# Announcement: amc-prove

`amc-prove`

is a smallish tool to automatically prove (some) sentences of constructive quantifier-free^{1} first-order logic using the Amulet compiler’s capability to suggest replacements for typed holes.

In addition to printing whether or not it could determine the truthiness of the sentence, `amc-prove`

will also report the smallest proof term it could compute of that type.

### What works right now

- Function types
`P -> Q`

, corresponding to \(P \to Q\) in the logic. - Product types
`P * Q`

, corresponding to \(P \land Q\) in the logic. - Sum types
`P + Q`

, corresponding to \(P \lor Q\) in the logic `tt`

and`ff`

correspond to \(\top\) and \(\bot\) respectively- The propositional bi-implication type
`P <-> Q`

stands for \(P \iff Q\) and is interpreted as \(P \to Q \land Q \to P\)

### What is fiddly right now

Amulet will not attempt to pattern match on a sum type nested inside a product type. Concretely, this means having to replace \((P \lor Q) \land R \to S\) by \((P \lor Q) \to R \to S\) (currying).

`amc-prove`

’s support for negation and quantifiers is incredibly fiddly. There is a canonical empty type, `ff`

, but the negation connective `not P`

expands to `P -> forall 'a. 'a`

, since empty types aren’t properly supported. As a concrete example, take the double-negation of the law of excluded middle \(\neg\neg(P \lor \neg{}P)\), which holds constructively.

If you enter the direct translation of that sentence as a type, `amc-prove`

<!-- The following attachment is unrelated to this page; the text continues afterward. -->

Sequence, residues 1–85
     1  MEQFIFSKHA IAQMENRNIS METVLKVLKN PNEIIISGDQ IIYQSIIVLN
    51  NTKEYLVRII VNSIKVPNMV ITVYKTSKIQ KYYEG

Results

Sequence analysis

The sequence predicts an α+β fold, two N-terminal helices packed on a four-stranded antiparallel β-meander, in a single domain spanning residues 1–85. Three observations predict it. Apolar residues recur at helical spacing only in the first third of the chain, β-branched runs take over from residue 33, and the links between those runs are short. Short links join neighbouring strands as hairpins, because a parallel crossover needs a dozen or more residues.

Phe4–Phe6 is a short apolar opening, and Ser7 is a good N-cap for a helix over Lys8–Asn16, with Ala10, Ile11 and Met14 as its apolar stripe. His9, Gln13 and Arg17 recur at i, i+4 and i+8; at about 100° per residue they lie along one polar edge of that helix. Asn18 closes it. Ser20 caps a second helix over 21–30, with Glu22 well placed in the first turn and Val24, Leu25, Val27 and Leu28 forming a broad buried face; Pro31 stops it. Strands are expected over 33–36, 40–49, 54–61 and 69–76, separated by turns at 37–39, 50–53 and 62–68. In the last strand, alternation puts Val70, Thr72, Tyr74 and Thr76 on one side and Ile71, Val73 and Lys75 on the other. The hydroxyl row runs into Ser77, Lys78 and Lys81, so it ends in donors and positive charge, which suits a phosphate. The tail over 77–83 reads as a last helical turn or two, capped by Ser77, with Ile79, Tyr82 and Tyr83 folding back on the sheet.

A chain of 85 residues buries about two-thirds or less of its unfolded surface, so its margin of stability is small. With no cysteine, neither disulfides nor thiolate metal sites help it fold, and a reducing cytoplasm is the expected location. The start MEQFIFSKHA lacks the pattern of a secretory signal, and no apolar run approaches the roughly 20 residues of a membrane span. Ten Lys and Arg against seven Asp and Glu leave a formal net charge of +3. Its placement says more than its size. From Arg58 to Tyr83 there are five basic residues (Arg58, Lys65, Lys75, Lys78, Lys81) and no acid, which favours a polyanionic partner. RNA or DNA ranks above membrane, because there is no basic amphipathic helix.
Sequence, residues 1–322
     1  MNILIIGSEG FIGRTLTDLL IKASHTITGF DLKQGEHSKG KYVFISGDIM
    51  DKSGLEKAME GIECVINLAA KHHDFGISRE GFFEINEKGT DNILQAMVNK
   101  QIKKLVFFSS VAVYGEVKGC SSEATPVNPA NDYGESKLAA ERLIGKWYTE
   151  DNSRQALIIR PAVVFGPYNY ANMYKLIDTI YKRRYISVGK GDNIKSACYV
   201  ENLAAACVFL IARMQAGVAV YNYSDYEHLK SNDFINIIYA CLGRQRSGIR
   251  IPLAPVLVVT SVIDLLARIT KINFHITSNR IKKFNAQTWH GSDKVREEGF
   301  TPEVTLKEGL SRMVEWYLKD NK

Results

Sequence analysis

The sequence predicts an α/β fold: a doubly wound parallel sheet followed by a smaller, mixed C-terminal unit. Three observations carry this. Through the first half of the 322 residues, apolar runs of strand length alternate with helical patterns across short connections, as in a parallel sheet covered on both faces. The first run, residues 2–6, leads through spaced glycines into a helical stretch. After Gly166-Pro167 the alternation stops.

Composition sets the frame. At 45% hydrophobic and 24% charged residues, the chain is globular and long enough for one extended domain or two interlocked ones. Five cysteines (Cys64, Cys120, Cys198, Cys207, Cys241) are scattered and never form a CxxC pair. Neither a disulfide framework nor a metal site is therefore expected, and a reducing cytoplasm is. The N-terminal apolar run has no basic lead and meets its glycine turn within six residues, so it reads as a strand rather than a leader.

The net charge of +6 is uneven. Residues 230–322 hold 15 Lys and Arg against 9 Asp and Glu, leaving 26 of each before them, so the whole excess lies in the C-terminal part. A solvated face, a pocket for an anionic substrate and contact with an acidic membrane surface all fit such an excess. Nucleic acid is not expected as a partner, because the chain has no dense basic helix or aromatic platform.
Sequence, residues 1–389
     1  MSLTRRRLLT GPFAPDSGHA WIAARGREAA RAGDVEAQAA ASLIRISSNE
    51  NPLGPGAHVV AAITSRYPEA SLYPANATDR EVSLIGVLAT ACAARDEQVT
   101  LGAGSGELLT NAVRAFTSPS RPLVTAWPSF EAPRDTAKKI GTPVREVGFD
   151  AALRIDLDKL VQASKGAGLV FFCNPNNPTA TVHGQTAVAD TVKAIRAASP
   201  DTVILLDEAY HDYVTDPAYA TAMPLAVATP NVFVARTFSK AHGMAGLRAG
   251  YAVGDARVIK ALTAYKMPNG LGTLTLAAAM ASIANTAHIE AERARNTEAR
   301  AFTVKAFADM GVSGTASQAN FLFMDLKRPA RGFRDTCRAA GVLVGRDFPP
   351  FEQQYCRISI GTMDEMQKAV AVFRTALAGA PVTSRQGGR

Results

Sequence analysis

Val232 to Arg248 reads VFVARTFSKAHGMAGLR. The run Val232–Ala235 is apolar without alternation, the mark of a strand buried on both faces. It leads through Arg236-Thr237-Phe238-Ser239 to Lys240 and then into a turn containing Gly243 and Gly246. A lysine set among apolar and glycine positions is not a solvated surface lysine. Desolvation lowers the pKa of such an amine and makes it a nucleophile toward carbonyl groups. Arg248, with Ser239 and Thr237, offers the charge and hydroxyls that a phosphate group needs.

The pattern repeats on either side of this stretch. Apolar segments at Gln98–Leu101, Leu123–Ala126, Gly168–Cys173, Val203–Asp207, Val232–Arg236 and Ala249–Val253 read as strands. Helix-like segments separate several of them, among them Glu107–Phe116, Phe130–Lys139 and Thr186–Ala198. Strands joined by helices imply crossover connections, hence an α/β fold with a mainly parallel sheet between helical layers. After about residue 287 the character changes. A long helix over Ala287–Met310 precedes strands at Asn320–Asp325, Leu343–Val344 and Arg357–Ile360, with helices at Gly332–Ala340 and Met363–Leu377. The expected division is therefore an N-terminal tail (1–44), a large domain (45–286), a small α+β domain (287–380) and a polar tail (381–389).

will report that it couldn’t find a solution. However, by using `P -> ff`

instead of `not P`

, a solution is found.

```
? not (not (P + not P))
probably not.
? ((P + (P -> forall 'a. 'a)) -> forall 'a. 'a) -> forall 'a. 'a
probably not.
? ((P + (P -> ff)) -> ff) -> ff
yes.
fun f -> f (R (fun b -> f (L b)))
```

### How to get it

`amc-prove`

is bundled with the rest of the Amulet compiler on Github. You’ll need Stack to build. I recommend building with `stack build --fast`

since the compiler is rather large and `amc-prove`

does not benefit much from GHC’s optimisations.

```
% git clone https://github.com/tmpim/amc-prove.git
% cd amc-prove
% stack build --fast
% stack run amc-prove
Welcome to amc-prove.
?
```

### Usage sample

Here’s a small demonstration of everything that works.

```
? P -> P
yes.
fun b -> b
? P -> Q -> P
yes.
fun a b -> a
? Q -> P -> P
yes.
fun a b -> b
? (P -> Q) * P -> Q
yes.
fun (h, x) -> h x
? P * Q -> P
yes.
fun (z, a) -> z
? P * Q -> Q
yes.
fun (z, a) -> a
? P -> Q -> P * Q
yes.
fun b c -> (b, c)
? P -> P + Q
yes.
fun y -> L y
? Q -> P + Q
yes.
fun y -> R y
? (P -> R) -> (Q -> R) -> P + Q -> R
yes.
fun g f -> function
| (L y) -> g y
| (R c) -> f c
? not (P * not P)
yes.
Not (fun (a, (Not h)) -> h a)
(* Note: Only one implication of DeMorgan's second law holds
constructively *)
? not (P + Q) <-> (not P) * (not Q)
yes.
(* Note: I have a marvellous term to prove this proposition,
but unfortunately it is too large to fit in this margin. *)
? (not P) + (not Q) -> not (P * Q)
yes.
function
| (L (Not f)) ->
Not (fun (a, b) -> f a)
| (R (Not g)) ->
Not (fun (y, z) -> g z)
```

You can find the proof term I redacted from DeMorgan’s first law here.

Technically, amc-prove “supports” the entire Amulet type system, which includes things like type-classes and rank-N types (it’s equal in expressive power to System F). However, the hole-filling logic is meant to aid the programmer while she codes, not exhaustively search for a solution, so it was written to fail early and fail fast instead of spending unbounded time searching for a solution that might not be there.↩︎